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Friday, May 9, 2008

Pro-Iran Hizbullah tightens its grip on Beirut

The long arm of Iran is again reaching into Lebanon via Syria as the Hizbullah terrorist organization increases its pressure on the weak pro-U.S. government in Beirut.

Militant Shi'ite gunmen from Hizbullah on Friday seized control of several Beirut neighborhoods and closed media offices.

In early April, the Lebanese Army became aware of and sought to stem the infiltration by insurgents from Syria. "There are hundreds of terrorists flowing into Lebanon, and until now little was done," a security source said.

The Financial Times reported that forces loyal to the government have been out-maneuverd by "better armed and organised Hizbullah gunmen, who were supported by fighters loyal to Amal," another Shi'ite opposition movement.

Also In This Edition

Pro-government loyalists plant a Lebanese flag on barricades at the main highway leading to southern Lebanon south of Beirut on May 8.       Reuters/ Ali Hashisho
Residents told the newspaper that Hizbullah backers, having closed the airport, were seeking to take over the capital and topple the government.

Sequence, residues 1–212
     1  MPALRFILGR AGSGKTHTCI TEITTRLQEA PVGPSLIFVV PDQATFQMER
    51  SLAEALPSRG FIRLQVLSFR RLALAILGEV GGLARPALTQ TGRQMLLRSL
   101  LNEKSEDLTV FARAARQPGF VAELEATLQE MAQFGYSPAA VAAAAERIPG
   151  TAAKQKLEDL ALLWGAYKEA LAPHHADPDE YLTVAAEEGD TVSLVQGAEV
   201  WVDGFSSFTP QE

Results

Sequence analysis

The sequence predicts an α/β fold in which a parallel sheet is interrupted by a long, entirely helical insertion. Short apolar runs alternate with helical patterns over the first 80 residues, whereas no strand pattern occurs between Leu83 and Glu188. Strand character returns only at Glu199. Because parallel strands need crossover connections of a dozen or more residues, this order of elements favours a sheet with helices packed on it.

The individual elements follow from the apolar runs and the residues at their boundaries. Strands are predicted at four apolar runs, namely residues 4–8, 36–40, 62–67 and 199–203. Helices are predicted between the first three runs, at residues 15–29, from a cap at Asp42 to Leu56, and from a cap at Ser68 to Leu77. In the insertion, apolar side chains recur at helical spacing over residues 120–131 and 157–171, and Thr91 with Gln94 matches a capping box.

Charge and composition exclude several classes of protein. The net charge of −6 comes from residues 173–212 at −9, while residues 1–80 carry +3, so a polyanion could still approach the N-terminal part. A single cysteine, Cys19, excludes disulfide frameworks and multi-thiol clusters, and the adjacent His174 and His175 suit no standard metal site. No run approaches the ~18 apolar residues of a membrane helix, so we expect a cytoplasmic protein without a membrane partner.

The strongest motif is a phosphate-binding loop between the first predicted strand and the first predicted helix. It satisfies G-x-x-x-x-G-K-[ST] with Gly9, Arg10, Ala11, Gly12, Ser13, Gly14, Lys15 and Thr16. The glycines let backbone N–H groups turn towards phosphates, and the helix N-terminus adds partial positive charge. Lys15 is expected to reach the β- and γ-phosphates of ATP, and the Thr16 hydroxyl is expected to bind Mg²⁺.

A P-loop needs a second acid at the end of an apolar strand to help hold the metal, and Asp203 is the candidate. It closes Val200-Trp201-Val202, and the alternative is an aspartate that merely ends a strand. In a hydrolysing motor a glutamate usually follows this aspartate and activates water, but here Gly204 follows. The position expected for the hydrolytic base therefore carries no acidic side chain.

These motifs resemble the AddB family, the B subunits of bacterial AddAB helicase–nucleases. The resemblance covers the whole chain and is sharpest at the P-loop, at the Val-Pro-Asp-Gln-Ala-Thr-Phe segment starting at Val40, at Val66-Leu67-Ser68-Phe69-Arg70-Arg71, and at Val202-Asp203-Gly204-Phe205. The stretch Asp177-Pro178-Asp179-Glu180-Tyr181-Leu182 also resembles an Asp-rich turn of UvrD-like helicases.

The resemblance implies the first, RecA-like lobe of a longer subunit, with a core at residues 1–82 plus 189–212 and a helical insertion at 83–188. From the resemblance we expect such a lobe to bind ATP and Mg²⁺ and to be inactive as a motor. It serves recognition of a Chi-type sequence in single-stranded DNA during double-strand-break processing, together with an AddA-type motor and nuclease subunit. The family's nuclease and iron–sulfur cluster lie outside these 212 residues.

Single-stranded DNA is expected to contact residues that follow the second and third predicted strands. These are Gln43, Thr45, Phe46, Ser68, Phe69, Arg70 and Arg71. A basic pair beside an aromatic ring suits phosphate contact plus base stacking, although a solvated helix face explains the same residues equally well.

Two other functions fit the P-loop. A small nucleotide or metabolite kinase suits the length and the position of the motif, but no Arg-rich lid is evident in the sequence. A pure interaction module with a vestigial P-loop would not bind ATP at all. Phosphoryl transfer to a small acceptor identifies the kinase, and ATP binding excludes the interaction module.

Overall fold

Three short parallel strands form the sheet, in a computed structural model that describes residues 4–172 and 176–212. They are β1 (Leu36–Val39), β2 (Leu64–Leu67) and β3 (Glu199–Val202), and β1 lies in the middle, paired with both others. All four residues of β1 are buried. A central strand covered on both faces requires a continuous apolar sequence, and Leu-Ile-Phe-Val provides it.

On May 8, Hizbullah's chief, Sayyed Hassan Nasrallah, accused the Beirut government of declaring war against his organization. Hizbullah is backed by Iran and Syria.

Nasrallah said Lebanon's moves against a Hizbullah communications network and the firing of a Shi'ite general had been done at the behest of the United States and Israel.

The government this week declared Hizbullah’s communications network illegal and removed a Hizbullah-linked general as head of airport security.

Saad Hariri, a Sunni and leader of the parliamentary majority that backs Prime Minister Fouad Siniora, called on Nasrallah to end the “siege” of Beirut.

Over the last month, hundreds of Palestinian and Iranian-trained insurgents have infiltrated Lebanon from Syria. Officials said the infiltrators included members of the Syrian-sponsored Popular Front for the Liberation of Palestine-General Command and Fatah Al Islam.

The United Nations has sought to help the Lebanese government increase border security. But the UN Interim Force in Lebanon has backed down from confrontations with Lebanese militias, particularly the Iranian-sponsored Hizbullah.


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